All of this underscores the point that all of the facts have to be developed before conclusions can be drawn.  And while "justice delayed is justice denied," justice rushed could be injustice absent a good process and a thorough review. 

Just ask the kids on that Duke lacrosse team, who would much rather be known as college lacrosse players who played on a good team than having been in the spotlight for a feeding frenzy that transpired because others rushed to judgment.

Observation about Postings on Social Media

Consider the following statement:  "The more people you know post on social media, the [less] or [more] you will find them appealing." 

I suppose that it depends on what they post.  For example, during the recent election I read several posts on my spouse's Facebook wall about the election and the "arrogant smiles of Republicans."  Naturally, these were Democrats from blue states who were making these posts.  And that got me to thinking about the nature of their smiles both in 2008 and 2012.  Were they humble?  Sometimes we and others we know have no idea how we seem or what we're doing when we're doing it. 

There's also the humble bragging, the rants (both about politics and about the quality of service providers) and the posts of good times that (inadvertently, perhaps) tell others that they were not included.  Perhaps, also, there are posts to people far away, because for some it is easier to relate by social media than in person in the present.  The latter can be awkward and require more of an effort than hitting strokes on a keyboard.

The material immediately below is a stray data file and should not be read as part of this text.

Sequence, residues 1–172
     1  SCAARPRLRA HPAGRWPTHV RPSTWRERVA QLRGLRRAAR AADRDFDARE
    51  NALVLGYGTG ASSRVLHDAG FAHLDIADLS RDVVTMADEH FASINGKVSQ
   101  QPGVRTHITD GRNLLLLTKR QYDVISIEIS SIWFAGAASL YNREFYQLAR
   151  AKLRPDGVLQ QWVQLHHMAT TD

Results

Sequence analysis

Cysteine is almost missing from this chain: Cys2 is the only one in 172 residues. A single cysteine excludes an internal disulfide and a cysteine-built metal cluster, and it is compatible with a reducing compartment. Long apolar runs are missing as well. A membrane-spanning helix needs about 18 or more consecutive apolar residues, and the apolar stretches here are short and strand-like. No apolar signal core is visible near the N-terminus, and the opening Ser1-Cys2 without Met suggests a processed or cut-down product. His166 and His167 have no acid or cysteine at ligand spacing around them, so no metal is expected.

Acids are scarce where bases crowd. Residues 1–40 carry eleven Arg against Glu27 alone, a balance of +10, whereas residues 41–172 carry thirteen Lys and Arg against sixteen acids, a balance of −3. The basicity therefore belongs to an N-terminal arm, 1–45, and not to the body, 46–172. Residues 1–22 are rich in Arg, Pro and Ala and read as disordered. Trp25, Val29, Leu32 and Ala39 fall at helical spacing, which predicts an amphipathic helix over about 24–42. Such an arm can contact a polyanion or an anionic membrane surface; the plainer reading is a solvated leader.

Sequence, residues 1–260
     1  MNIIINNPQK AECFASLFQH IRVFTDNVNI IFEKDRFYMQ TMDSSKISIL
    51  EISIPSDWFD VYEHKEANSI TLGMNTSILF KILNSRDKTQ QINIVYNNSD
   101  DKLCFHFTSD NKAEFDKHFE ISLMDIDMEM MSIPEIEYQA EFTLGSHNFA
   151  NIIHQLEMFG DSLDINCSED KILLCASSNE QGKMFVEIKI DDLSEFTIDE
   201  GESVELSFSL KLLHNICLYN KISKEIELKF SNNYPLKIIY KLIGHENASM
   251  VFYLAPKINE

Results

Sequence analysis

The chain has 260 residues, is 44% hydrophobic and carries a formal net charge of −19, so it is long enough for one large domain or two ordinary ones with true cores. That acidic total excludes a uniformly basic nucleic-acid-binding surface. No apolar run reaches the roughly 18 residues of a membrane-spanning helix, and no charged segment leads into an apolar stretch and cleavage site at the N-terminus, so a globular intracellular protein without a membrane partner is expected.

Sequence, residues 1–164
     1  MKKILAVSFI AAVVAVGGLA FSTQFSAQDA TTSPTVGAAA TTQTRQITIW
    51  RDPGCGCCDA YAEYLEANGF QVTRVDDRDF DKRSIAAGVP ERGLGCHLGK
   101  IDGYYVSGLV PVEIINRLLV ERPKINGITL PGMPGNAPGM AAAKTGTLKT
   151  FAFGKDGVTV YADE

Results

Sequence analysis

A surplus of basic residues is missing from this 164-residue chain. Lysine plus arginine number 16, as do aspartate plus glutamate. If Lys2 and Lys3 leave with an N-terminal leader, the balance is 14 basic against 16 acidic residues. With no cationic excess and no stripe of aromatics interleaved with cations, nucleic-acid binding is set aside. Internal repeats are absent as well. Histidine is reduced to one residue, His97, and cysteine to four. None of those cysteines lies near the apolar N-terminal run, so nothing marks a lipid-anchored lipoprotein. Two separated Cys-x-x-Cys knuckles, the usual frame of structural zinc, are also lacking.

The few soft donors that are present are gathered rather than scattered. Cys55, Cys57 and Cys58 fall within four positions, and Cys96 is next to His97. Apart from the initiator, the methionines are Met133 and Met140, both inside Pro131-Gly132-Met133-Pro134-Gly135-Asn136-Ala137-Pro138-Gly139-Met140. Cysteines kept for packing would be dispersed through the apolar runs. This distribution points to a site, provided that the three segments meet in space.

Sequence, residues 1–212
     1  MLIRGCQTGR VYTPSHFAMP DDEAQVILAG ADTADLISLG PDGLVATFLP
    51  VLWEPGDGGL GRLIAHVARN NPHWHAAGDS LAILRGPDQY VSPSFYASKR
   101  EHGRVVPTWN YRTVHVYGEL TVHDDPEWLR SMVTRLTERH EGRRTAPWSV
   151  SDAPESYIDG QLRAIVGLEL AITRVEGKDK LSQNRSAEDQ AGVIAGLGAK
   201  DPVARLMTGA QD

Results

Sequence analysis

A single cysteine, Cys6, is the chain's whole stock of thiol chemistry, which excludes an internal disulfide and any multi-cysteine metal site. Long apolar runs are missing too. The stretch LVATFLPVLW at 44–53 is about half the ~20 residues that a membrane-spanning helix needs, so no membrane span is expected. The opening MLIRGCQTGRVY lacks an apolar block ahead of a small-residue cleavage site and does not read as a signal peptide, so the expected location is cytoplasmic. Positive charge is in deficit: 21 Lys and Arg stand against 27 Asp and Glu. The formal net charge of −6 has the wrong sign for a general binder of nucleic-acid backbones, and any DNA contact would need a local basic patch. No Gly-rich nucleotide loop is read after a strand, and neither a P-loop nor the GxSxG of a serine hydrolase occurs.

In business we talk frequently about realizing that you should consider what you write in the context of its being quoted verbatim in the newspaper or blown up on an exhibit in a court room.  Translated, be professional to the point of being antiseptic.  In our private lives (which are not as private as they once were), we would like to reveal more of ourselves and be less filtered.  That's fine, but we also should consider how we would like to be perceived and the legacy that we want to leave behind.  If you post frequent criticisms, are the things that you are criticizing always that bad or are you just unhappy?  If you post frequently about what you buy, where you go and what your kids do, are you arrogant?  If you always tell people how much you admire them, what they do and their and their children's accomplishments, are you a sycophant (especially when you do so for people you do not know that well).  And if you have many friends but do not post much, are you a bystander or voyeur?